alienation alienation  /ˌeɪ li ə ˈneɪ ʃən/


  1. (n) the feeling of being alienated from other people
  2. (n) separation resulting from hostility
  3. (n) (law) the voluntary and absolute transfer of title and possession of real property from one person to another
  4. (n) the action of alienating; the action of causing to become unfriendly



  1. Well-being, alienation, aggression and the shunning of risk or danger were found to owe as much or more to nature as to nurture.
  2. But rather than making his protagonists fall in love while battling freaks, Burns makes them deal with the alienation of getting infected.
  3. It is the sense of alienation and the perception that the world is against them that nurture bitterness among those who resort to terrorism.


  • Why Be Libertarian?

    Why be libertarian, anyway? Why engage in a deep and lifelong commitment to the principle and the goal of individual liberty? For such a commitment, in our largely unfree world, means inevitably a radical disagreement with, and alienation from, the status quo, an alienation which equally inevitably imposes many sacrifices in money and prestige.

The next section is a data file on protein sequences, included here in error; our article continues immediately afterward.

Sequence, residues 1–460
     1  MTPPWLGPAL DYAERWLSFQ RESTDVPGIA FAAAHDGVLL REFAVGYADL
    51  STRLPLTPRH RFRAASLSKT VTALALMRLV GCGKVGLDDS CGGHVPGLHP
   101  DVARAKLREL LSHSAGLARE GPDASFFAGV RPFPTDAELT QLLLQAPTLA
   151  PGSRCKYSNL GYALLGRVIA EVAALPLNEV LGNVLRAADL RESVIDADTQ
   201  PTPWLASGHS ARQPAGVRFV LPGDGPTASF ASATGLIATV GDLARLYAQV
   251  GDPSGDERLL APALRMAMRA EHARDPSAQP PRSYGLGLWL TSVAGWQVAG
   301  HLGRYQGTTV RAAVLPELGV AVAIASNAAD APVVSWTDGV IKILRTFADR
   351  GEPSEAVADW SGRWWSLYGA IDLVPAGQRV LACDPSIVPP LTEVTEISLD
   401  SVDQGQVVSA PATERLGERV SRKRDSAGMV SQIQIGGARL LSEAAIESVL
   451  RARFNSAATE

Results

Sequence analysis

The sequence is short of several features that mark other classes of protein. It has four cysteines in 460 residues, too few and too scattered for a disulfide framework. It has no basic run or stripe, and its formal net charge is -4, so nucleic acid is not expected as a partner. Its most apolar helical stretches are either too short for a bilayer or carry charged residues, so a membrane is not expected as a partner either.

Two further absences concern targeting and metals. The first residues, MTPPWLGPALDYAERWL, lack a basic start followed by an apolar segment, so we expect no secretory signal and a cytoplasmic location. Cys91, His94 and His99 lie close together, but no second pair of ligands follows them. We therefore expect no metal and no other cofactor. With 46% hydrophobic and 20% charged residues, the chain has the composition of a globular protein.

on June 17, 2013     Source: Ludwig von Mises Institute


  1. "I have been driven to the edge by parental alienation for many years now," Baldwin wrote.
    on Apr 24, 2007 By: Alec Baldwin Source: FOXNews

  2. Annan said "if current patterns of alienation and violence persist much further, there is a grave danger the Iraqi state will break down, possibly in the midst of full-scale civil war."
    on Sep 18, 2006 By: Kofi Annan Source: CNN International

  3. "I know as actors our job is usually to shed our skins, but I think as people our job is to become who we really are, and so I would like to salute the men and women who brave ostracism, alienation and a life lived on the margins to become who they...
    on Jan 16, 2006 By: Felicity Huffman Source: FOXNews

Word of the Day
animosity animosity
/ˌæ nə ˈmɑ sə ti /